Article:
Hammer of Thor by Rick Riordan

Sorry for the gap in posts, vacation week was hectic. I don’t usually rate sequels to books, but for this, I have to because this book was and is an amazing sequel. In this book, all our favorite and diverse characters are here with the addition of a feisty Alex Fierro, who’s gender fluid.

This band of heroes are now fighting against Loki’s plan to marry of Sam to a giant. They go on tons of adventures, trying to figure out a way to get her out of this while Thor’s hammer is also on the line, part of Sam’s nuptial gifts. 

The story stayed interesting, and awesome. Like seriously awesome. It’s definitely for older middle graders (at one point the make magical string out of a cup of blood and hair), but it’s definitely worth the read.

I especially love Alex Fierro’s character, who normalizes gender confusion and explains to kids. I find Alex a decent role model, and wished she was around when I was younger.

Probably 11+. Bit more violence and fighting, not mention some innuendo that’ll go over little kids heads. I recommend highly.

The Sword of Summer by Rick Riordan

Wow, it’s been a while. Let’s start with a favorite author of mine.

I have a long standing love for Rick Riordan books. The Percy Jackson series got me out of a pretty low place, and never fail to amuse me. The Heroes of Olympus series I didn’t like as much, but then there was this book. The Sword of Summer. I really, really, really liked this book. And, it was back in first person.

This follows Magnus Chase and his adventures into the world of Norse mythology, with some clear similarities to Percy Jackson. Others weren’t a huge fan of this and rated this poorly because of that, but I didn’t mind to much. I found the new mythology interesting enough to look past that. I also love, in this book, how their was more diversity in the characters, from religion, to skin color, to disabilities. It was nice reading that.

Overall, I would recommend this book. It’s fast paced, interesting, and was totally worth the Barnes and Noble gift card I used on it. It’s a little on the thick side, and deals with the usual fantasy violence. Probably good for 10/11+.

The Lightning Thief by Rick Riordan

First off, I can’t believe I’m only getting into this series now. I read the first book a few years ago and thought, ‘Yeah, that was a good book. I might read the second’ but I wasn’t really into it. All I really remembered was the movie based off the book since I’ve seen it twice (and until yesterday only read the book once) and I’ve seen it more recently. But I had a friend into it, and I’ve heard really good things about this series from both young and old (well, old in my joking sense, which is college age). I was at a used book store yesterday and decided to pick up a copy of the second book, ‘Sea of Monsters’. On the way home, it was clear after the first 40 something pages that I needed to reread the first one. What’s great about this series is that I was excited to do this. So when I got home I rushed of to my room, hoping that I kept ‘Lightning Thief’. I did. I read that whole book that night, in just a few hours. And it was even better than I remembered.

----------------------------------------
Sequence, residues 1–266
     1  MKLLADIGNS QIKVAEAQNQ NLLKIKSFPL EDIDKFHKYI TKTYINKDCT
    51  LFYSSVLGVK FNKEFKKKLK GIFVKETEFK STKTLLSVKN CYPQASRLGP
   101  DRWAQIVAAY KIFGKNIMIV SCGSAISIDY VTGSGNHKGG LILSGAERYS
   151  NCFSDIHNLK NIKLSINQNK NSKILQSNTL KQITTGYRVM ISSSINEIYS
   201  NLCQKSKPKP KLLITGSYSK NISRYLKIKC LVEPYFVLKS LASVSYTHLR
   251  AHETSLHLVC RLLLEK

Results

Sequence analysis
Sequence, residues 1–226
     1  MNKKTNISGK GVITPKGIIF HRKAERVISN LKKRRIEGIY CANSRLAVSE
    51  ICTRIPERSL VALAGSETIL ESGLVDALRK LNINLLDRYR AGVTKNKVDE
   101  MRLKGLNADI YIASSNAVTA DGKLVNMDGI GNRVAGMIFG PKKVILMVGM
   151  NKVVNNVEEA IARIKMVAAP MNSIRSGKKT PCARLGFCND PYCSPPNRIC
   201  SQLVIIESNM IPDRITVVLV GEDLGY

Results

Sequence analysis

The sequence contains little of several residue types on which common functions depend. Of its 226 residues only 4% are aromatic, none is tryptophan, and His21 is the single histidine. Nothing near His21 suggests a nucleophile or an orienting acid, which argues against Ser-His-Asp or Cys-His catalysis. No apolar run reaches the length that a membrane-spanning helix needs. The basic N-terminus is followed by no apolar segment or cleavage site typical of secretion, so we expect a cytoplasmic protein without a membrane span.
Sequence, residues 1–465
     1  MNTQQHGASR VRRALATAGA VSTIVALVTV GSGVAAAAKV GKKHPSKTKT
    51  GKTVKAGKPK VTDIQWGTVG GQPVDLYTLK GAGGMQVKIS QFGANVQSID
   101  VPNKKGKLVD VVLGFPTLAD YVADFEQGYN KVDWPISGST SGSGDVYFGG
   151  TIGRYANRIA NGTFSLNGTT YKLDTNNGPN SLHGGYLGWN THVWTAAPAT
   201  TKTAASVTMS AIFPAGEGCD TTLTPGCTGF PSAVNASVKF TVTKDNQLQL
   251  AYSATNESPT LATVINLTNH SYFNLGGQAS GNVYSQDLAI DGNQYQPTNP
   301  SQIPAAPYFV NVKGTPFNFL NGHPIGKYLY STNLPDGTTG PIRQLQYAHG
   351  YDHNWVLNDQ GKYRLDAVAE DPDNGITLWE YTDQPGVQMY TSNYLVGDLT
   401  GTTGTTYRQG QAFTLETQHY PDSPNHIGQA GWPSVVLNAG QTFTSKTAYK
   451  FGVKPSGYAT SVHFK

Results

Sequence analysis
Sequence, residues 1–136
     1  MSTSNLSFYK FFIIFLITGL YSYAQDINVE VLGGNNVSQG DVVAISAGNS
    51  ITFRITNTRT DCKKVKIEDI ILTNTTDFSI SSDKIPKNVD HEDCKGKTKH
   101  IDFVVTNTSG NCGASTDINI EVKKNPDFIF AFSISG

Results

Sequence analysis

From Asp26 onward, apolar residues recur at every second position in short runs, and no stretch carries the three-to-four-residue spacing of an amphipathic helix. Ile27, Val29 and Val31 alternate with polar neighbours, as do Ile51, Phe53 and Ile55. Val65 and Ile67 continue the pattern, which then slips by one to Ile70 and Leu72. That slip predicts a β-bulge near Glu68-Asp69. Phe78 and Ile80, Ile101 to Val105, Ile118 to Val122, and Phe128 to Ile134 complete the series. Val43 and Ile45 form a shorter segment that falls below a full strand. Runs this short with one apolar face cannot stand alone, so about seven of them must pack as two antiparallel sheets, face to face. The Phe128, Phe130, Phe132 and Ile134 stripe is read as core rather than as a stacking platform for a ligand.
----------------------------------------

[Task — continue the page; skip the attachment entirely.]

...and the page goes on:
This book follows Percy Jackson as he has a weird experience during a field trip, ditches his friend and goes to a beach with his mom, finds out that he’s a demigod, goes to a weird camp in upstate New York, kills a Minotaur, gets hurt, believes he’s a demigod, finds out who his dad is, and sets off with Grover and Annabeth on a crazy quest to stop a war between the gods. This book is action packed and never boring, with the occasional humor sprinkled throughout. I fell in love with this world of gods, goddesses, and demigods. With monsters and heroes. With magic and Mist. With good and evil and all the blurred lines in between. There were some things that I didn’t like as much, though. At parts it seemed like it was one monster battle after another. Like it was two action packed. Also, I thought I noticed one or two spelling mistakes or wrong words used. But the main thing that irritated me about this series was the movies based off the books. The movies did not really follow the book that well and changed a lot of things. The books, like usual, were way better.

This series is great, and although action packed, not too graphic. This book would be good for 10+, but would really be great for teens as well as 10-year-olds.

The Girl in the Well by Rin Chupeco

This is a great and terrifying story based on the fantastic Japanese legend of the ghost Okiku. This is a story about ghosts and demons. About past and present.

This book follows Okiku, the ghost of a murdered girl who is unable to pass on and who murders child murderers. Then Okiku meets Tarquin, a boy with mysterious tattoos covering his body. Tark had just moved to Applegate, a small town, with his father so they could be closer to his mother in the mental institute. Tark’s mother had tried to kill him a few times. Okiku protects Tark and his cousin and helps them uncover the truth behind his tattoos and his mothers past.

This book is awesome and terrifying, combining an old legend with a new story. This book is really good, and has violence, gore, scary parts, swearing, and death. I would say 14+.

I am Morgan le Fay By Nancy Springer

‘I am Morgan le Fay’ is a really good point of view to the King Arthur legends that I have never read before. It is from the view of Morgan and really shows her feelings and shows how she felt through her father dying, her mother being forced to marry the king, her home being taken. It really is beautifully written and makes you want to sympathize with her. This book is a really good reinterpretation (and I totally didn’t get that word off the back of the novel). I would say a good book for ages 13+, and if you like it, I recommend ‘I am Mordred’ which is also by Nancy Springer.